I’ve never held a gun, launched pepper spray, or used a baton. And I’ve certainly never hit a police officer.
As a part of a scheduled “reality-based training” (RBT) exercise on May 29, members of the Victoria media were invited to partake in real life, stress-inducing scenarios put on by the Victoria Police Department, similar to their regular training regime.
Officers are required to take part in RBT training every six months, and take further specialized “active threat training” every 18 months in order to be exposed to stressful and dynamic situations, while boosting their performance in critical thinking and reaction. Media were invited to partake in both.
It sounded intimidating beforehand, and our training grounds didn’t help calm my nerves.
We were led into a dark and dingy building with burnt out florescent lights, graffiti-marked walls, and broken furniture strewn across the rooms.
When we arrived at our training room, there were weapons laid out on a stained carpet: axes, knives, a bat with nails, a belt (to tie you back to mimic an injury), baby oil (akin to the slippery nature of fresh blood), and, just to add to the creepiness of the building, a toy doll (not quite sure what that was for).
“It’s important for the media and the public to know what officers are going through,” said Const. Kris Greffard, one of the leaders of the RBT.
I was given a thick, heavy belt lined with pockets and a holster. It was half empty, but still required two clips around the side to make sure it didn’t slide down.
The first lesson was how to assess a situation: when facing a suspect, do they have the ability, the intention and the means to cause grievous bodily harm or death? If yes, an action needs to be taken.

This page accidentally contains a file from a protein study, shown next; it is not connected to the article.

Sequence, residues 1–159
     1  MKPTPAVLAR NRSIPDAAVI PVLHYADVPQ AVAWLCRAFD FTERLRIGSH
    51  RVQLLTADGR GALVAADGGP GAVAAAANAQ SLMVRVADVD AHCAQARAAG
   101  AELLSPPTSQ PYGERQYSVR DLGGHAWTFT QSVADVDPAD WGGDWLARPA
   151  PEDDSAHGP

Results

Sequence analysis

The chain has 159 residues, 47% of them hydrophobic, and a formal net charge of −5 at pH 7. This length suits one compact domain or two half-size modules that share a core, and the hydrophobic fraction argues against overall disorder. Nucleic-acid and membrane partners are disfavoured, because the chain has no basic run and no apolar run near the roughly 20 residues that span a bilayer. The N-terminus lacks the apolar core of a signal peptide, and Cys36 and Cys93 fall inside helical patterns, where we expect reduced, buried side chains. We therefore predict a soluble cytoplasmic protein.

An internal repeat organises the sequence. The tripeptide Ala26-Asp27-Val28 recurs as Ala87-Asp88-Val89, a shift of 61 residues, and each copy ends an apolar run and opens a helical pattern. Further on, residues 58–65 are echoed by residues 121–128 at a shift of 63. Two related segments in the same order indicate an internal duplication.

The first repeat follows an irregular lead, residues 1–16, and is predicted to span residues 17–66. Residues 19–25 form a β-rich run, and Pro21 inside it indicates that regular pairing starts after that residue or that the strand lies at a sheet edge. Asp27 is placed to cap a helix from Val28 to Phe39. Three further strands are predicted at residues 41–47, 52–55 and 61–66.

That brings us to step two: determine the action. Action is faster than a reaction, we were told.
First we learned about OC Spray, commonly known as pepper spray.
“Remember being a kid and holding your hand above a candle?” Greffard asked, “It’s that kind of burning on your face, and when you touch it — it’s worse.”
We were each handed a simulation canister — filled with water — and taught to pull it out from our belts and fire right into the eyes of a man on a poster. His name was Ted.
“When you blink, it’s like honey,” she continued. “It gets all the way behind your eyes.”
Next we learned about common fighting techniques: open palm slams, hitting with your elbows and knees.
Never in my life did I think I would ever fight a police officer, but here I was hitting, elbowing, kicking and yelling at an officer whose only defence was a thick training pad.
We learned to deploy and use batons, and hit the police some more. And then, the real deal: were given simulated guns that, aside from the ammo, were the same pistols that police carry while on duty.
Our bullets were coloured pellets, and once again we aimed and fired at Ted — this time I shot him right in the mouth.
Next came scenario training where you walk into a room with an actor, and make a split-second decision based on what you see: do you shoot the man? Is he armed? Will he shoot you? We each took part in three scenarios.
“All of you were taking rounds,” Greffard said in a follow-up talk. She meant we all got shot because we didn’t react fast enough. In another scenario some of us reacted too fast — I shot a man reaching for a cellphone.
Next we went into team drills: going down a narrow hall with doors on both sides and trying to find someone on a warrant. The man grew violent, coming forward with a bat filled with nails. He was shot. In another situation, I was able to de-escalate a situation with a man wielding a crowbar.
Finally, we worked through drills while facing an active shooter. In the same narrow hall, actors were on the floor, bleeding, while others shouted something about a shooter being nearby. The rat-tat-tat of an automatic gun went off from nearby speakers.
“Open door, right!” our team leader, played by Const. Dylan Bruce said.
I’d approach the door, and shout “Back up!”
My teammate would tap my shoulder and yell “move!”
We would enter and search the room before yelling “Clear!”
We did this room by room until we found the shooter. I hesitated and shot him, but not before he ‘killed’ one of us.
At the end of the day I felt drained, yet simultaneously my body was pumping with adrenaline — it was a weird, frantic feeling.
I also felt a new found respect for police officers who work in these high-stress situations everyday, but with much higher consequences than a blue pellet mark on their chest when they make a mistake.